broken clouds


Laguna Beach

 Volume 12, Issue 44  |  June 2, 2020

Barbara’s Column



Our lives changed drastically in March. But not all the changes will be discarded. Some are keepers.

South Laguna resident Peggie Thomas never enjoyed grocery shopping. Getting groceries delivered is a treat she doesn’t intend giving up when the COVID-19 pandemic ends: “at least for a while.” 

Laguna Beach County Water District Board member and sculptor Marv Johnson has spent more time on his art since being confined to his home with Planning Commissioner Anne Johnson since the pandemic began.

“I will finish up stuff I had let go,” he said. 

 Laguna Beach Boys and Girls Club Executive Director Pam Estes, who for years has spent her time caring for the children of Laguna, has enjoyed being with her own children during the “stay-at-home” period of the pandemic. 

“I love being off the hamster wheel, driving everyone everywhere,” said Estes.

When Board of Education watchdog Howard Hills was in college, he cultivated an organic garden. 

Keepers Kaia

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Submitted photo

Howard Hill’s granddaughter in the organic garden

“Now I have been organic farming with my three-and-a-half-year-old granddaughter, Kaia,” said Hills. “I call it my Pandemic Victory Garden. We have grown broccoli, cauliflower, and carrots, and we just had some broccoli for dinner. It was the best I have ever tasted. I am not going to give that up.” 

Laguna Beach Sister Cities Founding President Karyn Philippsen has found isolation and a reduced schedule of activities to be “utterly delightful.”
“In the future, I am going to be more protective of my personal time,” said Philippsen. 

Betsy Jenkins is considering cutting down the number of boards on which she sits. 

“I would have more time to read, to walk, and to go to the beach,” said Jenkins. 

Emergency & Disaster Preparedness Committee Chair Matt Lawson joked he would continue to simonize and quick buff his dome, even when the pandemic ends – as did his hair. 

Laguna Plein Air Painter Association Executive Director Rosemary Swimm has always had a close relationship with her son. It has become closer since the start of the pandemic.

“He calls every morning just to say, ‘I love you,’” said Swimm.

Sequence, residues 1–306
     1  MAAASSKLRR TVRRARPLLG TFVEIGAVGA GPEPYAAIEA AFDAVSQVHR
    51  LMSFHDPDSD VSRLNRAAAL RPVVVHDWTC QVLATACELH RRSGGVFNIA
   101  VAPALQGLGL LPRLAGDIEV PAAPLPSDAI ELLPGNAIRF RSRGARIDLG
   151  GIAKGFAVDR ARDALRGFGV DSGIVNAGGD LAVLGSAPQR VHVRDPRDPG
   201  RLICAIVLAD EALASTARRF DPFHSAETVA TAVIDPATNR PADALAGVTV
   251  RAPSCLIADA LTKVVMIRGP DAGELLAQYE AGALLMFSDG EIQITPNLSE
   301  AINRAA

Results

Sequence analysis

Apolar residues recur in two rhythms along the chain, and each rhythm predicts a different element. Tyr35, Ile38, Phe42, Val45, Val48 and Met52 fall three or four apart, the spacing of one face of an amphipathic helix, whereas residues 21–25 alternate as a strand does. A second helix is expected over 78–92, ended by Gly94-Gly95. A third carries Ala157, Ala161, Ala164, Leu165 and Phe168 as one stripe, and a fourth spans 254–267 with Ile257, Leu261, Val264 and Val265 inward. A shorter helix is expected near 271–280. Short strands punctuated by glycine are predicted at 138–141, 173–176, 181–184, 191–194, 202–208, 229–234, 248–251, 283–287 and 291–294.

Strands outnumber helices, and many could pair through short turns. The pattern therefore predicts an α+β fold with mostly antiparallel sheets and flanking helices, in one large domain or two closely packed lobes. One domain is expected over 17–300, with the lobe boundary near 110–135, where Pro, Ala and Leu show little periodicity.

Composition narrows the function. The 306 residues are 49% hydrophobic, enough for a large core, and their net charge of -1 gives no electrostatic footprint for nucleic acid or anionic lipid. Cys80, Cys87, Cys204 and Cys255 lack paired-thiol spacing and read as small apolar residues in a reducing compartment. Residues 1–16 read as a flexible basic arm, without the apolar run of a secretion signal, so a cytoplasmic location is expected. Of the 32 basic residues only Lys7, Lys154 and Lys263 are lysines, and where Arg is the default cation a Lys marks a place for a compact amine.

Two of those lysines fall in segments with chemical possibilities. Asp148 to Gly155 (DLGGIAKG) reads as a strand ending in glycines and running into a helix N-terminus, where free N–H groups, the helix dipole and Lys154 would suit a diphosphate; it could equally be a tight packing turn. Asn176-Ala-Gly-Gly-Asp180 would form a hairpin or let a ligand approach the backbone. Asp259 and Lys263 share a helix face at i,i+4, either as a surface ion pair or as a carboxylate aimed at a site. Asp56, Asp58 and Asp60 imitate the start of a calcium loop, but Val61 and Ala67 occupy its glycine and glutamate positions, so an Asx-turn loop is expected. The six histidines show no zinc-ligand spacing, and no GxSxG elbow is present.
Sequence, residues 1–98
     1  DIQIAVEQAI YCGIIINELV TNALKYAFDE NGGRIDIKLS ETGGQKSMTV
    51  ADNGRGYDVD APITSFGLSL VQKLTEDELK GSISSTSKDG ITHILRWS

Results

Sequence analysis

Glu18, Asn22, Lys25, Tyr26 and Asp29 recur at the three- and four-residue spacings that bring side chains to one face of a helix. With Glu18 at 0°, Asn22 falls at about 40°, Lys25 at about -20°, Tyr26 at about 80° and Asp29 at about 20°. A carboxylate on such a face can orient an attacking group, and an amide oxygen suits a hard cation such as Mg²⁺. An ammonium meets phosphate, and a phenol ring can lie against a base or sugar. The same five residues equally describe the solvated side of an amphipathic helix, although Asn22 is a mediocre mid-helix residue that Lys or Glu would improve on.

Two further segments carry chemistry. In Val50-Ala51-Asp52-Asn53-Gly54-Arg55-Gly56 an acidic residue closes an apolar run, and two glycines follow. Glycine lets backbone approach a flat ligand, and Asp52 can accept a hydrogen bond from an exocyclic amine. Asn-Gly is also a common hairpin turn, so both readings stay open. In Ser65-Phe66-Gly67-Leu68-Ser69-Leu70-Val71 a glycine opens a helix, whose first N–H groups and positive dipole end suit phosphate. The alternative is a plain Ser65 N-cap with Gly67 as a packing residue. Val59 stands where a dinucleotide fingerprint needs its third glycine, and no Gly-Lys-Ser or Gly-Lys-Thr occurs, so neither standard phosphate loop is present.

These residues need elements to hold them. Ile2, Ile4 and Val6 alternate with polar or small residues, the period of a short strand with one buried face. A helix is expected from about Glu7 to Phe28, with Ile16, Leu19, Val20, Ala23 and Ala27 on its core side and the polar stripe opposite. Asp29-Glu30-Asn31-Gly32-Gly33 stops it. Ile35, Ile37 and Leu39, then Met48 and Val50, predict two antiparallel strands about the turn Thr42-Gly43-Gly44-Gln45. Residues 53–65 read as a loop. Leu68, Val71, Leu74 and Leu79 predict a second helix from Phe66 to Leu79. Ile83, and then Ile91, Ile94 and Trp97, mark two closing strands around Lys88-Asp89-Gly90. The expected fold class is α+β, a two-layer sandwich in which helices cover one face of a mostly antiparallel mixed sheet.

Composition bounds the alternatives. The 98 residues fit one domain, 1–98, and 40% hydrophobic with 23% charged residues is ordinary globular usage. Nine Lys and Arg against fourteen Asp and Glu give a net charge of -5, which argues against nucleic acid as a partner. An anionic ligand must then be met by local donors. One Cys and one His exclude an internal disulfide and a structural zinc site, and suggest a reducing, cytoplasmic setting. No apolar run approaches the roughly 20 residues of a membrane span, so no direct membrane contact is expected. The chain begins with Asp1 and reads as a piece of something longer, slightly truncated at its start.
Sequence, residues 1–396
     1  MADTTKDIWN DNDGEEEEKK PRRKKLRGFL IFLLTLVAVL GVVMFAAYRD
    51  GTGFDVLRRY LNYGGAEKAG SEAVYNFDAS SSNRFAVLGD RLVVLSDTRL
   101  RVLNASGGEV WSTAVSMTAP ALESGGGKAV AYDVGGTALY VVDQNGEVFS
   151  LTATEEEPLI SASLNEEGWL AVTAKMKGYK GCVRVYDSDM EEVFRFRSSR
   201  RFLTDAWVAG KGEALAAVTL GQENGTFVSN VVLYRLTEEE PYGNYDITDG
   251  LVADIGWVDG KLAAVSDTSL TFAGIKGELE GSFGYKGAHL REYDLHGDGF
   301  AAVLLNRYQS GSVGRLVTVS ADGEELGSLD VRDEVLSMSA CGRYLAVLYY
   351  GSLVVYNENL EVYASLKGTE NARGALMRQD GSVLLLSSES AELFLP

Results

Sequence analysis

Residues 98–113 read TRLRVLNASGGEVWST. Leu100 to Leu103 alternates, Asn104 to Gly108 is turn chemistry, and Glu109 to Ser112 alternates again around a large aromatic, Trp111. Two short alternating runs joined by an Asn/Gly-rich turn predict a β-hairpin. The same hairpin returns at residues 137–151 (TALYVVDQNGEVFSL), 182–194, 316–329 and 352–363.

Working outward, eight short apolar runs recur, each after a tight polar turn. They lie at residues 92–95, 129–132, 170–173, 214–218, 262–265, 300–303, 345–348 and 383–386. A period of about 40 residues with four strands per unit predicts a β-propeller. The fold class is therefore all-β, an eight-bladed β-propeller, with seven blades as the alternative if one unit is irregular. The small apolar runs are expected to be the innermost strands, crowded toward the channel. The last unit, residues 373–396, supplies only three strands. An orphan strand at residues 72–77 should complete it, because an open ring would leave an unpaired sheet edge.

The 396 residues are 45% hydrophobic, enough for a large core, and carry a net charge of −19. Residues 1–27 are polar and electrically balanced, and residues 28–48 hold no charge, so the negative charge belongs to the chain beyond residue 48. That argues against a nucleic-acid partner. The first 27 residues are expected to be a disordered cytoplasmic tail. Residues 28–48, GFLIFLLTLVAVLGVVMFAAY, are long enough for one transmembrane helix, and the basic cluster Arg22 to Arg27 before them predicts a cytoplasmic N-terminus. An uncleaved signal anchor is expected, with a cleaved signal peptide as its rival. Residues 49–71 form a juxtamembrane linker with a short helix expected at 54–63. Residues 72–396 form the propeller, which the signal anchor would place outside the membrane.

“I think we have become more aware of the people in our lives and we should keep that up. We shouldn’t take people for granted. They may not always be there.”

Retired Temple City Manager Karl Koski will be more watchful in the future about people surrounding him in a crowd, and he will be continue to wash his hands frequently and carry wipes and sanitizers. 

Keepers Jane

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Photo by Mary Hurlbut

Jane Egly is reclassifying a music collection

Former Mayor Jane Egly has been reading more, but now and in the future, if she isn’t enjoying the book, she puts it down. She also has been listening to and reclassifying the music collection of her late husband, retired Federal Judge Paul Egly. His 200-plus collection ranges from classical to show tunes to jazz.  She is reclassifying them to fit her categories: classical, nice, and pop. 

“I don’t have to hurry,” said Egly. 

Former Mayor Wayne Baglin and his wife, Faye, 2019 Laguna Beach Arts Alliance Chair, miss traveling and are looking past the pandemic.

“We are planning things into 2021, and we have booked a couple of cruises,” said Baglin. 

Laguna Pantry Executive Director Anne Belyea said the COVID-19 pandemic forced the staff to examine everything the Pantry did. Changes will improve the sustainability of the Pantry, according to Belyea.   

“We have streamlined and improved the processes,” said Belyea. “It used to be a mom and pop project. We have stepped up our game.” 

Former Planning Commissioner Norm Grossman is working on finding more places in town for groups of five to 25 meet. 

“It‘s impossible to find a place to have meetings for 13 people in Laguna Beach,” he said.